On the eve of Lebanon’s 77th Independence Day, President of the Republic, General Michel Aoun, delivered on Saturday the following address to the nation:
“My fellow Lebanese ladies and gentlemen,
It is the seventy-seventh year of Lebanon’s independence, and unfortunately, this year has been packed with all sorts of crises and hardships that have reflected adversely on the lives of all the Lebanese, whether on their livelihoods, their lifetime savings or the future of their children. Some were affected even more cruelly, having lost loved ones in the worst disaster that has struck the heart of our capital, or due to a pandemic that has invaded the world and is still reaping victims.
Yes, our reality today is not promising; but being aware of the reality does not mean accepting it or giving in to it, for our people are made of resistance to guarantee their right to existence. I am keeping my promise to dig in the rock, no matter how solid it gets, in order to open the road to salvation for the nation.
My fellow Lebanese,
Independence, as per the general concept, means political independence and the country’s emancipation from occupation, mandate, foreign trusteeship, political dependence…but the Lebanese experience states that all of this is not enough for a nation to be independent, because there are many restrictions that turn us into prisoners.
Today, our country is the prisoner of a system of political, financial and administrative corruption, covered by all kinds of legalized confessional, sectarian and social shields, to the extent that corruption has become a culture and a philosophy, having its own preachers, justifiers and defenders.
Our country is the prisoner of a system that forbids accountability, jointly and severally, and provides the necessary pretexts and innovations to bypass laws and obstruct their implementation.
Our country is the prisoner of a rentier economy that has killed production and oriented it towards indebtedness, placing it forcibly in a state of dependence to meet its needs, and in subordination to creditors.
Our country is the prisoner of a judiciary which is shackled by politics and by the predominance of the powerful.
Our country is the prisoner of obstructive vexatious policies that prevent any progress or achievement.
Our country is the prisoner of grudges and demonizing instigation that almost turns its youth into “frenemies”.
Our country is the prisoner of external dictations and attractions and internal subordinations that make independence, sovereignty and democracy empty words.
My fellow Lebanese,
The shackling constraints are many, but breaking them is not impossible if we truly want to build the nation and achieve effective emancipation and independence. Out of obligation of frankness, I hereby tell you that reform and Statehood are subject to your will, express it!
If we want Statehood, it is inevitable to fight corruption because no powerful and active State can stand tall in light of corruption, and this begins by imposing the forensic financial audit, then by passing in Parliament draft and propositions of laws on reform, accountability and financial regulation, on top of which the restoration of looted funds, the special tribunal for financial crimes, the automatic investigation into the financial status of people undertaking a public service…and at least adopting laws that preserve and protect human dignity, most notably the Old-Age Security law.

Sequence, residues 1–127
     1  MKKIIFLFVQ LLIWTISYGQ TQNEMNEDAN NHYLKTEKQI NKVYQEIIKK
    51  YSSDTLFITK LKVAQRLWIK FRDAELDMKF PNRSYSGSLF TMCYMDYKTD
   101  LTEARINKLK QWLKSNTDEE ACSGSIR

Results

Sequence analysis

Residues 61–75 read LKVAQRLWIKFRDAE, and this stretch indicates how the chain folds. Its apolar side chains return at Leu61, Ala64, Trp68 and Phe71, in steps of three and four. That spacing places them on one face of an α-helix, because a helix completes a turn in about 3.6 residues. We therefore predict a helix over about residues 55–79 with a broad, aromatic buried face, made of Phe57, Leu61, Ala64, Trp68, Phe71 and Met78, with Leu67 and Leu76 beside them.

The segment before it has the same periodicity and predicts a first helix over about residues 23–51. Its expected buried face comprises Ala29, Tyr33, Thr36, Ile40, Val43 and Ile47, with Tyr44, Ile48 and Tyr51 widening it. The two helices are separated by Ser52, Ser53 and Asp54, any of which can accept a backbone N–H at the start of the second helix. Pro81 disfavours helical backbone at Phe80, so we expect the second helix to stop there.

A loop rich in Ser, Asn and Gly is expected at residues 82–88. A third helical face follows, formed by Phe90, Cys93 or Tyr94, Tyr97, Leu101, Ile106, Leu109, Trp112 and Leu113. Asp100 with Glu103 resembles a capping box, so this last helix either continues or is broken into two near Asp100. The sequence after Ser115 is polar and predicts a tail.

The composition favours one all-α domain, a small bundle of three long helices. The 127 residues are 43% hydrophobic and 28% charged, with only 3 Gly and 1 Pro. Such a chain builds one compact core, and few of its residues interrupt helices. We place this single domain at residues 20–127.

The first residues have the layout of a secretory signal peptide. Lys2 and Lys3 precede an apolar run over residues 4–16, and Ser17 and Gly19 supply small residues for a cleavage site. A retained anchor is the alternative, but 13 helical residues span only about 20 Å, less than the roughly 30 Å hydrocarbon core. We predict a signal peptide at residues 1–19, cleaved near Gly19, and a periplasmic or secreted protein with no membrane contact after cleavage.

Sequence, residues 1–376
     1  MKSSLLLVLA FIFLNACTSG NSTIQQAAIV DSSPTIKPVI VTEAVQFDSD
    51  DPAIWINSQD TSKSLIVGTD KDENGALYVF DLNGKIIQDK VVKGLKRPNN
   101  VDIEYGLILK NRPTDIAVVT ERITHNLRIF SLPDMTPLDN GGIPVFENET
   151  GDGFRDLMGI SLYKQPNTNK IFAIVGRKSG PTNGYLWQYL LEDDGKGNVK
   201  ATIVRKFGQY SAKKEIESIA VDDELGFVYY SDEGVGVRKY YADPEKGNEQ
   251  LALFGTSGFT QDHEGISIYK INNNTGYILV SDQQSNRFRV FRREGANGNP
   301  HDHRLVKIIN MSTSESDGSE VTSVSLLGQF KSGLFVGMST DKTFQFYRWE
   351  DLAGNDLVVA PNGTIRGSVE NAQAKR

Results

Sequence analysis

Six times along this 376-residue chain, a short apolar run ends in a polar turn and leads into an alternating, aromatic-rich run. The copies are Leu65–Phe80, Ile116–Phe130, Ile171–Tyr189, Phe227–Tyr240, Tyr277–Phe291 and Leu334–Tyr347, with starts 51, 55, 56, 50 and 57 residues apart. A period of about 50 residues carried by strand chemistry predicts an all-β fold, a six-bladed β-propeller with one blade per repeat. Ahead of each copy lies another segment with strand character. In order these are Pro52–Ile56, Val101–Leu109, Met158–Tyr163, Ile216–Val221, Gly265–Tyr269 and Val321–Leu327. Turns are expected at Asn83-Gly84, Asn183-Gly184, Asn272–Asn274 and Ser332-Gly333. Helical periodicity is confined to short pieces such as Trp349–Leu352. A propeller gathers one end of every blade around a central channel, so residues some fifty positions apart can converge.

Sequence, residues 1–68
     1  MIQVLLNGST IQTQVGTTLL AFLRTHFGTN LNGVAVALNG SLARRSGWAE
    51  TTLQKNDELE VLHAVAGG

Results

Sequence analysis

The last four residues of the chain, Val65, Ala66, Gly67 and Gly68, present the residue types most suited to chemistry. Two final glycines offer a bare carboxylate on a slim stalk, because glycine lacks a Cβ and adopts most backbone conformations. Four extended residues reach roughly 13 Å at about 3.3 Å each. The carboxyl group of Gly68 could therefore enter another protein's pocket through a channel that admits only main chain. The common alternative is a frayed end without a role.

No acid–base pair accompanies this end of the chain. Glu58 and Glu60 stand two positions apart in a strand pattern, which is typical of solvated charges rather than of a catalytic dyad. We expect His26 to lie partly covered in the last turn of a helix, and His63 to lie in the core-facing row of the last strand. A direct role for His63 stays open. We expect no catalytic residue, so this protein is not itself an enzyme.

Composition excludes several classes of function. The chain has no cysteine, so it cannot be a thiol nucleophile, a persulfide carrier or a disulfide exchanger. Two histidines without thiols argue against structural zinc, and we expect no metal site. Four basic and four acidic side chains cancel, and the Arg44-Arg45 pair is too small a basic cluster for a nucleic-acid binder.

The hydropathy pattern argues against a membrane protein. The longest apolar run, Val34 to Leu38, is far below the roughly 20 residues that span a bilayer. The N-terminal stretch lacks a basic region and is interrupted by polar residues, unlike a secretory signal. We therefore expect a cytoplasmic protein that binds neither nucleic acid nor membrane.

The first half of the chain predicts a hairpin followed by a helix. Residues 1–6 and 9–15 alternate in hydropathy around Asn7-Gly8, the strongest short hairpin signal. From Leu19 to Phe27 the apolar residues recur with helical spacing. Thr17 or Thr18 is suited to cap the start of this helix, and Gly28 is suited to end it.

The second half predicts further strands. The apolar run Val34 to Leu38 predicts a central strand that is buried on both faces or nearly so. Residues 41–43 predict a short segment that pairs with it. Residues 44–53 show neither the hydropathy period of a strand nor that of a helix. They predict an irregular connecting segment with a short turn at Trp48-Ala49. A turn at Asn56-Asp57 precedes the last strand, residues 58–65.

If we want Statehood, the need is pressing to concentrate efforts on ensuring economic self-sufficiency, granting the required importance to production and its needs, which is the cornerstone in building a national and independent economy; and it goes without saying that there is no real independence for a country whose economy is externally ridden.
If we want Statehood, it is indispensable to free the State institutions from the influence of politicians and poles of reference, so that decisions and appointments would be based on competence, integrity, merit, productivity and unified criteria, which are all available in all confessions.
Last but not least, Statehood, in its most basic components, needs an active and efficient government. Hasn’t the time come yet, under all the current pressing circumstances, to liberate the process of the formation of the government-to-be from attractions and from hiding behind rescue initiatives to deviate from the unified rules and criteria that must be respected and implemented on everyone in order to straighten the formation and functioning of the executive branch? Especially that this government has ahead of it missions that are labeled as immediate, urgent and rescue-oriented, most notably launching the workshop of pressing structural reforms, rebuilding Beirut and healing its wounds, developing the financial recovery plan and embodying it in laws and implementing decrees.
My fellow Lebanese,
Three months and a half have gone by since the disaster of the Beirut Port blast, and Lebanon and the world are still waiting for the outcome of the investigation. With all due respect to the confidentiality of the probe which is imposed by law and to the independence of the Judiciary, I – from my position – call for its acceleration, with no rush, because the Lebanese, and in particular those who were directly hit by the calamity, notably the wounded, the parents of the victims and the right holders, are entitled to know the results: first to unveil the truth, criminalize the culprit and exonerate the wrongfully accused, and second to free the rights of the affected.